Japanese Interior Design – A Style Guide

Japanese culture has long held a fascination for Europeans. Whether it’s Zen Buddhism, martial arts or sushi, we’ve taken Japan’s most famous exports and made them our own. Interior design too has seen heavy oriental influences for at least a hundred years. What started as a late Victorian obsession for collecting curios from the far reaches of the empire has come full circle to encompass whole interiors, inspired by clean, simple and elegant Japanese style.

Japanese Interior Design

If you want to infuse your own home with a little Japanese minimalist style, where should you start? Read on to find out:

The History of Japanese Interiors

Western fascination with Japan probably stems partly from its age: This is a country with traditions and styles dating back hundreds, if not thousands of years, and was really only “discovered” by traders and casual western travellers in the 19th century.

Tatami Mat Measurements

Japanese interior  design is based on the concept of “Ma”. This is the balance between a space and the objects within it. The rooms are traditionally measured and proportioned by using “Tatami mats” as a scale, so a room might be 2 Tatamis wide, by 4 high. In addition, these woven mats (used for sitting and sleeping) are used to measure door heights and sometimes ceilings. So there’s a great symmetry and balance in the proportions.

The Main Look

To make your room Japanese themed, you’ll need to be an extreme minimalist, or at least hide your belongings elsewhere! Japanese rooms are light, airy and natural, and use “Shoji” screens to divide rooms. These are constructed from thin, layered paper and run along wooden tracks. Shoji screen manufacture is a skilled craft, but you can find similar budget options to give the same impression.

Flooring should be woven tatami mats on a plain, hard floor. Colours need to be very muted and neutral. Red, black and green highlights should be used sparingly, and take care not to make the room look overwhelmingly oriental. You’ll end up with more of a Chinese restaurant cliche than a zen minimalist sanctuary!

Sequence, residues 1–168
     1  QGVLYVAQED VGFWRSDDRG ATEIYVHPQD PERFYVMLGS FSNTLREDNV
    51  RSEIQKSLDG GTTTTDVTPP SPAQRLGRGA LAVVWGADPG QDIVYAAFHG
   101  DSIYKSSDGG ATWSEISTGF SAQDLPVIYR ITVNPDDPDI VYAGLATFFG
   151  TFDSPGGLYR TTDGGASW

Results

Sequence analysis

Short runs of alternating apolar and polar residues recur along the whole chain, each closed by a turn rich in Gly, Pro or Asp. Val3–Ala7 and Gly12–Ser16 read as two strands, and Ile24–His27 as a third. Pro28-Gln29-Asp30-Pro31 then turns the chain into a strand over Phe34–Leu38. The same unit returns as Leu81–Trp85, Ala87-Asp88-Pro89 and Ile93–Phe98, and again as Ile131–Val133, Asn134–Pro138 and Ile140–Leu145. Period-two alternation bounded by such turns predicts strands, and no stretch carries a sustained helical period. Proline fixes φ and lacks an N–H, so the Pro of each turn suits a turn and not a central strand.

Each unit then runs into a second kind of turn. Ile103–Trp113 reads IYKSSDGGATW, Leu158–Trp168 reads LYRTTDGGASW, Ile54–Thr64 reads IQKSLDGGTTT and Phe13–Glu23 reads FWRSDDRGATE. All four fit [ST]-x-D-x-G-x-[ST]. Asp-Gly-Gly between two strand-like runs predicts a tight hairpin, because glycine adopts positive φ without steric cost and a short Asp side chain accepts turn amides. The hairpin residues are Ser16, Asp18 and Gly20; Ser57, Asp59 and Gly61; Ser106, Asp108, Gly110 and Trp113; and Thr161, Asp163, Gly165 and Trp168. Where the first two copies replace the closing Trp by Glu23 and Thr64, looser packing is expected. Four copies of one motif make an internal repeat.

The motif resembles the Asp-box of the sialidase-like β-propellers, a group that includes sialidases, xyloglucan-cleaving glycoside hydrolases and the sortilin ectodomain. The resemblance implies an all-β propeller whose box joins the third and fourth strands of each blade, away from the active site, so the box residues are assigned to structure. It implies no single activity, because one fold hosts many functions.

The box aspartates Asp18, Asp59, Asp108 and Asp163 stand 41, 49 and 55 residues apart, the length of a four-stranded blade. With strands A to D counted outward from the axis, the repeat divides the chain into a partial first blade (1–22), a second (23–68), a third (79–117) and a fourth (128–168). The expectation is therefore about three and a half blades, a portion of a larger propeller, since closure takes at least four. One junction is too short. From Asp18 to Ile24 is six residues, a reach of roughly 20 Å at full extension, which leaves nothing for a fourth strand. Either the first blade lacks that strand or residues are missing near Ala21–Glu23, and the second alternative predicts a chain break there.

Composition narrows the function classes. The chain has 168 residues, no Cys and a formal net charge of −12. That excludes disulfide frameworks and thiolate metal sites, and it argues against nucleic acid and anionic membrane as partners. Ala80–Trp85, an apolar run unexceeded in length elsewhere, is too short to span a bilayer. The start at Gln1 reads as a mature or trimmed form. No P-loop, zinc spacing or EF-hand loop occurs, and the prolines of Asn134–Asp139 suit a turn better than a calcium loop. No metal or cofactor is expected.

Furniture – Or the Lack of It

Japanese themed furniture should be kept low and discreet. Black ash is the closest you’ll get to a suitable wood type. Overall though, you’ll need to forget about filling the room with heavy clutter.


Light should always be softly diffused and never direct. This is where the paper screens come into play. Large paper lampshades aren’t strictly Japanese but will pass to achieve the same softly lit look.

China Tableware

Japan is famed for intricate food displays and the precision of its tea ceremonies. You can use this to your advantage by displaying some fine china tableware in a Japanese theme. William Edwards, a manufacturer of fine bone china, suggests; “You can choose styles in either geometrical shapes or with scenes of nature. A few well thought out, key pieces will massively enhance a minimalist Japanese room”.

Other Accessories and Decorations

Kimonos and art prints, orchids and bonsai all scream Japanese style, but go sparingly. It’s much better to employ a few signature pieces and a plant or two than fill the house with clutter. Japanese style is as much about what you take away as what you add. Take time make the space you have work, and you’ll be rewarded with a harmonious and deeply tranquil living space.

Wendy Lin is a writer and entrepreneur. She is the CEO of 2 business consultancy companies and is enjoying her new quieter life in the countryside of England.